As explained in the sicha (talk) of Shavous (5713), this opening stage is key. The teacher’s mind and concepts are too deep, too intense and too interconnected and rich for the student to initially absorb (maamar Basi L’gani 5710). The ideas have to be contracted and limited to catalyze and spark the student’s interest. Only later can the idea be absorbed. Because these ideas cannot be directly conveyed they have to be cloaked in the form of riddles, jokes, and stories[1]. After the opening jokes, the real lesson can proceed. The content must be made simple, and direct. It will not have the richness and nuances of the initial jokes, and light humor, in fact that would impede the lesson. It is just straight material. However, if the class proceeds this way both the teacher and the student will truly benefit. The student gains from being able to absorb both the direct lesson and the world-outlook of the Teacher. The teacher will gain from the student’s questions and original insights. As the Talmud states: R. Chanina remarked, “I have learned much from my teachers, more from my colleagues, and the most from my students” (Ta’anis 7a).

You might ask how can the student teach the teacher? The teacher/mashpia (giver) seems to know so much more than the student? The answer is that the mekabel (recipient) has a source which is closer to the ultimate Source of all (Hashem) [Tanya, Iggerros 20 – which talks about the source of malchus]. This is true because the self-awareness of a giver/ mashpia forms a block in acquiring the ultimate connection to Hashem. Self and ego has a definition and limit, it has no room for the infinite, since it is finite. Only one who empties themselves (bittel) can be a vessel for receiving direct from the infinite truth. When the teacher/mashpia puts himself/herself aside then he/she can share in the flow of insight from the ultimate giver of all, HaShem.

What does this have to do with Shana Rishona and our original story of the Kollel guy? We rarely question our intellectual assessment of a situation. The Kollel guy may have been convinced of the moral value of attending minyanim on time, shiurim on time, and perhaps he teacher who had to come on time. The simple domestic requests of his wife were clearly inferior to the importance of what he was doing. However, being on a superior moral plane, he could not lower himself to object to his wife. No he bottled it in. He did not discuss the issue with her. The fact that she was asking for such mundane issues shows she was lower than him. He would not lower himself like the father or the teacher. That is to stoop to simple mundane talk and domestic issues.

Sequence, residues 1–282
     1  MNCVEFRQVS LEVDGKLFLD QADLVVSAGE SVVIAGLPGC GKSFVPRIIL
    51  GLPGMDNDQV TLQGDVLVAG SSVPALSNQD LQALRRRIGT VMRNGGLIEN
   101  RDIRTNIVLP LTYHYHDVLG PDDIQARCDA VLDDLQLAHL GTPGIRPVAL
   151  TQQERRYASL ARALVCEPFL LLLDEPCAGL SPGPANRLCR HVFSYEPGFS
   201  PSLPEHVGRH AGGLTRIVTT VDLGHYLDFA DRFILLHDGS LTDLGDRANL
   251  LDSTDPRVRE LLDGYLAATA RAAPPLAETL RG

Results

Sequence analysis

The lesson of the maamar of 5714 is that the reality is the opposite. By lowering oneself and contracting, and straining the material to make it simple and clear – helps an amazing thing happen. The mekabel is able to give rise to a whole new level of depth in the lesson. Why? The source of mekabel is higher than that of mashpia. The receptacle of the mekabel can receive from the infinite source of all knowledge and existence (Hashem).

In simple words, your wife will absorb the material, and give it a richness and life that transcends what you even imagined you thought was there. Does this sound unreal? Well when husband and wife come together they create a new being that never existed. This can only come from a power greater than both of them (i.e. G-D). This, in turn, gives rise to physical children – a binyan adey ad (an eternally lasting household). This eternal power can only come from G-D. This what it means when Torah says that when there is peace in a family the Shechinah dwells there. That means, there is revealed a G-dly power that can give rise to truly perpetual Creation (a power that is only in the hand of G-D).

This is then what the prayer Lecha Dodi means, when the husband lowers himself and approaches/greets his wife/kallah with pure giving and love then he obtains a crown (Aishes Chayel Ateres Baalah) (the valiant wife becomes the crown of the husband). He was not a king, but he can get that crown and kingship – but only by working with his wife.


  • Negative critique (either mussar or “chassidic”-mussar) can only suppress behavior.
  • A better chassidic approach is to look for the underlying dynamic of the universe, in this case the mashpia/mekabel dynamic.
  • The mashpia/mekabel dynamic teaches us that it only appears that one party in a relationship is “higher” than the other.
  • In truth, the teacher can and will achieve more by giving up ego and self to tune-in to the recipient and contract oneself to being a pure giver.
  • The result will be a crowning success for both the giver and receiver.




[1] The Sichot of 5713 notes that even light-talk of a Talmud Chacham contains deep lessons.